Thursday, March 16, 2017

Pakistan Begins its Long Overdue Census


Census is done to find out the true population of Pakistan including all provinces - not for the benefit of the politicians but for other national & local requirements.
First census in Pakistan was conducted in 1951, the second in 1961 while the third census was held in 1972. The fourth census was held in March 1981 and fifth one was held in March, 1998. Currently, the sixth census is already underway with a time frame (between March 15-May 25 2017).
For the first time in the history of Pakistan, transgender community has been included in the national population census under instruction of Lahore High Court (LHC).
The government is also planning on counting the number of people who suffer from disabilities, and even important metrics like the number of toilets in a household.
The census form has been so designed as to collect more information on important matters like infant mortality and the prevalence of disease but researchers from both the government and academia can at least use the census as a baseline to carry out further research. This census is going to be used for at least the next 10 years for every public policy decision.
Unfortunately, the politicians are habitual of complicating things to make them controversial for political scoring. Be it KB dam or CPEC, they tend to play games by using ethnic cards and regional slogans to carry out their dirty political agendas.
Bad example: In the last 1998 census, the rural Sindhi population was highly inflated causing Karachi's population to be lower percentage of the total Sind population. Fear is the ruling elite (the vested interests) in Sindh and Baluchistan will again attempt to inflate the population of Sindhis and Balochis and undercount the Pakhtuns and the Urdu speakers.
Furthermore, the census will provide an insight into the true number of religious minorities, especially Christians and Hindus. Estimates are approximate and disputed, ranging from 2 to 10 million for the former and 2.5 to 4.5 million for the latter.
Nationality option: The census gives two nationality options: Pakistani or foreign.
Language option: Only nine languages among the country’s regional languages have been included in the form.
Expats excluded: Sadly, the estimated six million Pakistanis working abroad will not be counted.
Price tag: The census will cost nearly Rs20 billion and require the use of over 300,000 civilian staff and military personnel.
Other issues: Now that the census forms have been released, there are some worries about the information the government intends to collect. Afghan refugees will be counted separately and, given the current climate of hostility towards them, they are fearful that giving this information to the government may lead to their being rounded up leading to their deportation. https://www.thenews.com.pk/print/192098-So-it-begins ......
Additionally, all those who are unable to prove their citizenship status will be counted as aliens, which could disenfranchise the millions of Pakistanis who do not have a CNIC. However, old shanaakhti cards, old passport or any official ID will be accepted. (As per the finance minister on TV)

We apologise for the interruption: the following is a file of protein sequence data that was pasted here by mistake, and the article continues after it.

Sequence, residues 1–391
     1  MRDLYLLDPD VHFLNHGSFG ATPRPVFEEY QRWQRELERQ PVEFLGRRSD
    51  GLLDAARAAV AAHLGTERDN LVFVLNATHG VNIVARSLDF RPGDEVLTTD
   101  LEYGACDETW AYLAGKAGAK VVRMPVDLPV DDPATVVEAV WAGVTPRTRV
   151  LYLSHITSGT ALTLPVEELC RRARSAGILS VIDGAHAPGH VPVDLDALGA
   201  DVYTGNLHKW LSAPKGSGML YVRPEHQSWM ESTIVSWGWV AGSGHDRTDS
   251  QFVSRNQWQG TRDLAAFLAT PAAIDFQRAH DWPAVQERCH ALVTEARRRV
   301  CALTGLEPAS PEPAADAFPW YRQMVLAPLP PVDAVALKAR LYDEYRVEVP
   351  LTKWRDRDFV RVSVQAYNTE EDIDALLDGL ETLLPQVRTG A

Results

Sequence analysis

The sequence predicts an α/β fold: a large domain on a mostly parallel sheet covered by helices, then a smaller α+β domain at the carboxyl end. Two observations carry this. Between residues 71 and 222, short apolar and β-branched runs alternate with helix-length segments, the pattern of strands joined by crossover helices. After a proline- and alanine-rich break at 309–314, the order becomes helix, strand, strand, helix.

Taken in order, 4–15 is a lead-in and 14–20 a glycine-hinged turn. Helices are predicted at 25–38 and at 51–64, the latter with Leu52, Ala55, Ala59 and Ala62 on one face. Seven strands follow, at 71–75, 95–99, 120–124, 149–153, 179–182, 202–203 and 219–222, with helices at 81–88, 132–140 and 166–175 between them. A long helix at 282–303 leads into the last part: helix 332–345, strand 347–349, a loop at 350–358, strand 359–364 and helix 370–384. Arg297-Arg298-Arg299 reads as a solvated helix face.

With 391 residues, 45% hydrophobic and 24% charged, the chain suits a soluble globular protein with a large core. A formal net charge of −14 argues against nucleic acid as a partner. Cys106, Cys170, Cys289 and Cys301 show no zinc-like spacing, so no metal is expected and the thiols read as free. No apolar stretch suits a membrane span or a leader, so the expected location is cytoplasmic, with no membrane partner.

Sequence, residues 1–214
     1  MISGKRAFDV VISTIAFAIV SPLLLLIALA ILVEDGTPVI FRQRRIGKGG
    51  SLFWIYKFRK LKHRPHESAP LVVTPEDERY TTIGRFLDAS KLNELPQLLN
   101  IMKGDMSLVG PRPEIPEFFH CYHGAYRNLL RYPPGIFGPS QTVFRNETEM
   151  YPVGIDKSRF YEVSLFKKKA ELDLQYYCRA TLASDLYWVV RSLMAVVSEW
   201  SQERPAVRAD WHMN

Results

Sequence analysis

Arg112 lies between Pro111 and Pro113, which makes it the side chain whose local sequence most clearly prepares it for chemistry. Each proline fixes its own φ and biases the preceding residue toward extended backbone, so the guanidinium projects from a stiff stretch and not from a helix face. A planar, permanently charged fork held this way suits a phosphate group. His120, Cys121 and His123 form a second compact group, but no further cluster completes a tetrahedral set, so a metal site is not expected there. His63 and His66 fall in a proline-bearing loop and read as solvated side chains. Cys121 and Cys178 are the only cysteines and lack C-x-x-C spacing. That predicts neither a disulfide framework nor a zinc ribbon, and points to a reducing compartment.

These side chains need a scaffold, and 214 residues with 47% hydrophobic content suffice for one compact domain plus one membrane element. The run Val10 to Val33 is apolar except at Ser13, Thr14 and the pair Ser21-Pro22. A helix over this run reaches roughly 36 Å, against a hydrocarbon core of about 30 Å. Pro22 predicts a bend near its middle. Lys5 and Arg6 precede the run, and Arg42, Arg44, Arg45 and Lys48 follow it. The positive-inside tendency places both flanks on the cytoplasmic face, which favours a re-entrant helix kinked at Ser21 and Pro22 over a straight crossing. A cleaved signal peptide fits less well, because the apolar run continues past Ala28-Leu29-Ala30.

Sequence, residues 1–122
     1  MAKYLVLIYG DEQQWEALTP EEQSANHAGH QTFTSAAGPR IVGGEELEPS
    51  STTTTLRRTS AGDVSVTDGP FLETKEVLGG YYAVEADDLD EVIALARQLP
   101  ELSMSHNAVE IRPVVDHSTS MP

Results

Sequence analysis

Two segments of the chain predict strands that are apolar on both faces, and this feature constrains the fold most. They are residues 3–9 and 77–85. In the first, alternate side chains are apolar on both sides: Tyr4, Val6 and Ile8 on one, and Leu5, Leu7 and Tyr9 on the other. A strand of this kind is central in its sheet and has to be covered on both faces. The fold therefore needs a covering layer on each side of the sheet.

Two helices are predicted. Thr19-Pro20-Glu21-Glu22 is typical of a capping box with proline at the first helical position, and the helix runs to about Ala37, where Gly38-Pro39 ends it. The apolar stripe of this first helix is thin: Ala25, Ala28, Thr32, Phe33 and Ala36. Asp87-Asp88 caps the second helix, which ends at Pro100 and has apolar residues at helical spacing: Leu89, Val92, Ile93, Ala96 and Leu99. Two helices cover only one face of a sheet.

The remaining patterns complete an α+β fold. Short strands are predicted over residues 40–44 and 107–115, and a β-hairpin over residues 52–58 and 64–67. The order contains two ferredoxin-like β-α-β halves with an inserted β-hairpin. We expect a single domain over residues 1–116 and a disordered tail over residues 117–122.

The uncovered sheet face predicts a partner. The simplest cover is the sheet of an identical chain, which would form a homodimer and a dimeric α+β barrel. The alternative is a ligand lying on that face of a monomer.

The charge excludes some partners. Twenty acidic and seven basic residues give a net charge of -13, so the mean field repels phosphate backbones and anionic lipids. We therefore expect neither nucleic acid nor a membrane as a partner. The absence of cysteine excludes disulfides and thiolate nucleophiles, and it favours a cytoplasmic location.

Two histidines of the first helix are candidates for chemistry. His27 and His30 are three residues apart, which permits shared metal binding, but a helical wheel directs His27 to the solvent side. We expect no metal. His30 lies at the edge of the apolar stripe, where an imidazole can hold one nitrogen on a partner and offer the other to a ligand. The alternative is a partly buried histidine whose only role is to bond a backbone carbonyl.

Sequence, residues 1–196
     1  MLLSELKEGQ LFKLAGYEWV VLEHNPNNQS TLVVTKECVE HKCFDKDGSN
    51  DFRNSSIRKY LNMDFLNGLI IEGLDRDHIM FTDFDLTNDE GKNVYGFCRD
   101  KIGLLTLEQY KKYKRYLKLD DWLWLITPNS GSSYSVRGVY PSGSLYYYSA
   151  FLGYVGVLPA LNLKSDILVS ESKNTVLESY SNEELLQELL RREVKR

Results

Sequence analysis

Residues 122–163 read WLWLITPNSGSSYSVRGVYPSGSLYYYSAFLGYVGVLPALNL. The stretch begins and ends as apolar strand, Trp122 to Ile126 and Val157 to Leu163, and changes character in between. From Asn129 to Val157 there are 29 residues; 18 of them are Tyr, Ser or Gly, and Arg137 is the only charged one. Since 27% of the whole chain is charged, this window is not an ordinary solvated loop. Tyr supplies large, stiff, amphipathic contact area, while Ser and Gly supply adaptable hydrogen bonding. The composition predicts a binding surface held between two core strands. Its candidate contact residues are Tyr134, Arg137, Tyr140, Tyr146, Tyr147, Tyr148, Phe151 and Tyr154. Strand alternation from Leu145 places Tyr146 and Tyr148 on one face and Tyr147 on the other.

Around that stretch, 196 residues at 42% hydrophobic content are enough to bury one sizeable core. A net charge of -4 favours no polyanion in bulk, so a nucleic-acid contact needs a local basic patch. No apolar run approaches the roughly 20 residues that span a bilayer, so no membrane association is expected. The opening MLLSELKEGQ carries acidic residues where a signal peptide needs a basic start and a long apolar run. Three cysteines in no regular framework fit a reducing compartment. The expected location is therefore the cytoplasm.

Problem in the past: In previous census exercises in the country, this had been a particularly strong sticking point since both Sindh and Punjab have difficulty in acknowledging the number of migrants settled in their respective areas of jurisdiction.
This time it is crucial that the census reflect a realistic picture of how the demographic balance has changed in each province since the last count was held in 1998.
The data gathered by the enumerators will be used for a wide variety of purposes that go far beyond seat shares in parliament and the NFC award. This is our chance to get a clearer picture of the demographic balance, as well as of urbanisation trends in the country. The data can be used by law enforcement as well as local governments — for example when deciding shares in district finance commission awards.
For so many reasons that have little to do with politics, the quality of the data must stand above reproach and suspicion, and with the start of the exercise, the burden of ensuring that rests more than ever on the shoulders of those tasked with overseeing the operation.
Transparency is the biggest support they will have in ensuring a credible outcome. In the past, suspicions have been raised as a result of the quality of analyses done on the census information, so it would be an idea for the authorities to release the data quickly and make it accessible to multiple research communities simultaneously.
An important aspect of the census process is to evaluate the quality of the data.[8] https://en.wikipedia.org/wiki/Census
·         As per the United Nations estimate, the current population of Pakistan is 195,546,912, which is equivalent to 2.62% of the total world population.
·         Pakistan ranks number 6 in the list of countries (and dependencies) by population. The population density in Pakistan is 255 per Km2 (661 people per mi2).
·         The total land area is 770,998 Km2 (297,684 sq. miles)
·         39.2 % of the population is urban (77,107,125 people in 2017)
·         The median age in Pakistan is 22.7 years. (http://www.worldometers.info/world-population/pakistan-population/)
One must understand there is no authenticity without credible data. The real key is raising awareness among people of its urgent need and their responsibility to cooperate. The authorities must do everything to ensure that the results are credible and not marred by allegations of being manipulated.



Other Sources: Dawn.com, thenews.com.pk, 

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